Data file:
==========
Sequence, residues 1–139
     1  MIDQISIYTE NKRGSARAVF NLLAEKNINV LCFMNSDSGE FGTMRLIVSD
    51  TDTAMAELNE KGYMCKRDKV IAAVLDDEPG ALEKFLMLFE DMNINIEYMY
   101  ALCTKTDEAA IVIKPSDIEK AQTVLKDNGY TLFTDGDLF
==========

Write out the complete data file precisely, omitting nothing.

Sequence, residues 1–139
     1  MIDQISIYTE NKRGSARAVF NLLAEKNINV LCFMNSDSGE FGTMRLIVSD
    51  TDTAMAELNE KGYMCKRDKV IAAVLDDEPG ALEKFLMLFE DMNINIEYMY
   101  ALCTKTDEAA IVIKPSDIEK AQTVLKDNGY TLFTDGDLF